“We’ve known that people who have had MS for a long time are at a greater risk of low bone density and broken bones, but we didn’t know whether this was happening soon after the onset of MS and if it was caused by factors such as their lack of exercise due to lack of mobility, or their medications or reduced vitamin D from lack of sun exposure,” said study author Stine Marit Moen, MD, of Oslo University Hospital Ulleval in Norway.
Low vitamin D levels are associated with an increased risk of MS. Low vitamin D levels can lead to reduced calcium absorption and bone mineralization, or the process the body uses to turn minerals into bone structure.
“Our hypothesis was that if vitamin D exerts a major effect on the risk of MS, then the effects of low vitamin D levels on bone density would be apparent soon after the onset of MS,” Moen said.
The study involved 99 people with an average age of 37 who were recently diagnosed with MS or clinically isolated syndrome, which means they had a first episode of symptoms like those in MS but have not yet been diagnosed with the disease. All had no or minor physical disability from the disease.
The participants had bone density tests an average of 1.6 years after the first time they had any symptoms suggestive of MS. Their tests were compared to bone tests of 159 people of similar age, gender and ethnicity who did not have the disease.
A total of 51 percent of those with MS had either osteoporosis or osteopenia, compared to 37 percent of those who did not have the disease. Osteoporosis is a disease where low bone density causes the bones to become thin and brittle, making them more likely to break. Osteopenia is low bone density that is less severe than osteoporosis but puts a person at risk for osteoporosis.
The results remained the same after researchers adjusted for other factors that can affect bone density, such as smoking, alcohol use and hormone treatment.
“These results suggest that people in the early stages of MS and their doctors need to consider steps to prevent osteoporosis and maintain good bone health,” Moen said. “This could include changing their diet to ensure adequate vitamin D and calcium levels, starting or increasing weight-bearing activities and taking medications.”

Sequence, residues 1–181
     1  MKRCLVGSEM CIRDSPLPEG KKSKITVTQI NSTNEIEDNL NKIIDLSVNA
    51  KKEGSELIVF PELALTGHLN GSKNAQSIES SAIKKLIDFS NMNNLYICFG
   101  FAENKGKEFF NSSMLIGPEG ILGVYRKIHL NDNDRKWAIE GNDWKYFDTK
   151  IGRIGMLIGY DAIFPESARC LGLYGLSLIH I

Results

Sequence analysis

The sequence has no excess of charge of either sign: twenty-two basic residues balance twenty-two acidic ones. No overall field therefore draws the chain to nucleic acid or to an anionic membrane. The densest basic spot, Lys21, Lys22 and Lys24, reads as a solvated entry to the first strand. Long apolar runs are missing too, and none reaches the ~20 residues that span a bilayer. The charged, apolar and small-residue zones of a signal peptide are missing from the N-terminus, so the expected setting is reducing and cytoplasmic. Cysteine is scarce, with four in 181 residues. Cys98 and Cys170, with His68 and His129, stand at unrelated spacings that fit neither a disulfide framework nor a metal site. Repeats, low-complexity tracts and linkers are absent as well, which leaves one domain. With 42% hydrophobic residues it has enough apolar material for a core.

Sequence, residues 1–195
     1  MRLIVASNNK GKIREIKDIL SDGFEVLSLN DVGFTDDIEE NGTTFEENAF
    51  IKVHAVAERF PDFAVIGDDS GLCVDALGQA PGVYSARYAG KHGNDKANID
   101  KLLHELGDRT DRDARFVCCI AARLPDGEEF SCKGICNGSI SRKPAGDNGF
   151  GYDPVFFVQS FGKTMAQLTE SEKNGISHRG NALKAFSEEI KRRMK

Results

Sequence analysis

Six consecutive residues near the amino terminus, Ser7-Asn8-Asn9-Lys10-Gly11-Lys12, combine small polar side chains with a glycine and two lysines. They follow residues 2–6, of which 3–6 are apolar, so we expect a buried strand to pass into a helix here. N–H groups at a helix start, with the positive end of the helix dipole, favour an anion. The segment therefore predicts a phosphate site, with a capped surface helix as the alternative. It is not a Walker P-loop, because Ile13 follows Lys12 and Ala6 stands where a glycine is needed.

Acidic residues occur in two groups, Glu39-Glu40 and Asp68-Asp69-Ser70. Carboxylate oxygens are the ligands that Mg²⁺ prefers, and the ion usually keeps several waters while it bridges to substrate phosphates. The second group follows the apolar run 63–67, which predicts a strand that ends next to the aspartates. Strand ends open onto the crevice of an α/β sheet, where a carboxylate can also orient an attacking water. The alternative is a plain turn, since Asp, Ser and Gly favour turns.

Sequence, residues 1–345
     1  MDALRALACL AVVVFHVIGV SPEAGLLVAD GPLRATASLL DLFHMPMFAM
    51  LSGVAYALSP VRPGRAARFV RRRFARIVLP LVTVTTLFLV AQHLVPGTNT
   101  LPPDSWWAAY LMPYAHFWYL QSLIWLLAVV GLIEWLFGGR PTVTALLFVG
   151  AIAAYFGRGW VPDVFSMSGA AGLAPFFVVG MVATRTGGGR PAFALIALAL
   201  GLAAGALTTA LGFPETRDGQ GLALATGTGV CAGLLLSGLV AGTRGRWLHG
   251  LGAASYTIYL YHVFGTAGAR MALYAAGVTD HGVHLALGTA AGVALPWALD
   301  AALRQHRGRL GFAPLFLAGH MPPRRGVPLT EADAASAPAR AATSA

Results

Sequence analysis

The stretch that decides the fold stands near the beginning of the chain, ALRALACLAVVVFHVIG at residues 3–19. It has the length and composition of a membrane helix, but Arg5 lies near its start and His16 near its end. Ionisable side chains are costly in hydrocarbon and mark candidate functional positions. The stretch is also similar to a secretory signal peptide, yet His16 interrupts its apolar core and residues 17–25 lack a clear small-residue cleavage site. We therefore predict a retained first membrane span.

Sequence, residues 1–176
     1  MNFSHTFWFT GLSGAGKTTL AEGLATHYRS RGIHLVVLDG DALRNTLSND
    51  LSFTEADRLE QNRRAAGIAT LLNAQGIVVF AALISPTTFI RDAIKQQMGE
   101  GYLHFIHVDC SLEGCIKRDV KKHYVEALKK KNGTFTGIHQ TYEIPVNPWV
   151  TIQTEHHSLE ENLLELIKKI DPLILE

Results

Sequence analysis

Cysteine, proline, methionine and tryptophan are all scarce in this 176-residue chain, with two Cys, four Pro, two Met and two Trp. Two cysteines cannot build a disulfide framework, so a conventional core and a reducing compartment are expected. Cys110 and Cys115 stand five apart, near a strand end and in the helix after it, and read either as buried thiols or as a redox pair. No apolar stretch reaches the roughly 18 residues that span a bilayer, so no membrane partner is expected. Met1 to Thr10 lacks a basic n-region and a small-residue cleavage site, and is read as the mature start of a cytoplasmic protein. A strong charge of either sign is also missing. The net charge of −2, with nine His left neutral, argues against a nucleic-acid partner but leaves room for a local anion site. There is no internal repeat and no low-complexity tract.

The study was supported by the South-Eastern Norway Regional Health Authority, Ulleval University Hospital, Odd Fellow Research Foundation for Multiple Sclerosis, Endowment of K. and K. H. Hemsen and Endowment of Fritz and Ingrid Nelson.
The American Academy of Neurology, an association of 24,000 neurologists and neuroscience professionals, is dedicated to promoting the highest quality patient-centered neurologic care. A neurologist is a doctor with specialized training in diagnosing, treating and managing disorders of the brain and nervous system such as Alzheimer’s disease, stroke, migraine, multiple sclerosis, brain injury, Parkinson’s disease and epilepsy.
For more information about the American Academy of Neurology, visit http://www.aan.com.VIDEO: http://www.youtube.com/AANChannel
Rachel L. Seroka | American Academy of Neurology
Researchers release the brakes on the immune system
18.10.2017 | Rheinische Friedrich-Wilhelms-Universität Bonn
Norovirus evades immune system by hiding out in rare gut cells
12.10.2017 | University of Pennsylvania School of Medicine
University of Maryland researchers contribute to historic detection of gravitational waves and light created by event
On August 17, 2017, at 12:41:04 UTC, scientists made the first direct observation of a merger between two neutron stars--the dense, collapsed cores that remain...
Seven new papers describe the first-ever detection of light from a gravitational wave source. The event, caused by two neutron stars colliding and merging together, was dubbed GW170817 because it sent ripples through space-time that reached Earth on 2017 August 17. Around the world, hundreds of excited astronomers mobilized quickly and were able to observe the event using numerous telescopes, providing a wealth of new data.
Previous detections of gravitational waves have all involved the merger of two black holes, a feat that won the 2017 Nobel Prize in Physics earlier this month....
Material defects in end products can quickly result in failures in many areas of industry, and have a massive impact on the safe use of their products. This is why, in the field of quality assurance, intelligent, nondestructive sensor systems play a key role. They allow testing components and parts in a rapid and cost-efficient manner without destroying the actual product or changing its surface. Experts from the Fraunhofer IZFP in Saarbrücken will be presenting two exhibits at the Blechexpo in Stuttgart from 7–10 November 2017 that allow fast, reliable, and automated characterization of materials and detection of defects (Hall 5, Booth 5306).
When quality testing uses time-consuming destructive test methods, it can result in enormous costs due to damaging or destroying the products. And given that...
Using a new cooling technique MPQ scientists succeed at observing collisions in a dense beam of cold and slow dipolar molecules.
How do chemical reactions proceed at extremely low temperatures? The answer requires the investigation of molecular samples that are cold, dense, and slow at...
Scientists from the Max Planck Institute of Quantum Optics, using high precision laser spectroscopy of atomic hydrogen, confirm the surprisingly small value of the proton radius determined from muonic hydrogen.
It was one of the breakthroughs of the year 2010: Laser spectroscopy of muonic hydrogen resulted in a value for the proton charge radius that was significantly...
17.10.2017 | Event News
10.10.2017 | Event News
10.10.2017 | Event News
20.10.2017 | Information Technology
20.10.2017 | Materials Sciences
20.10.2017 | Interdisciplinary Research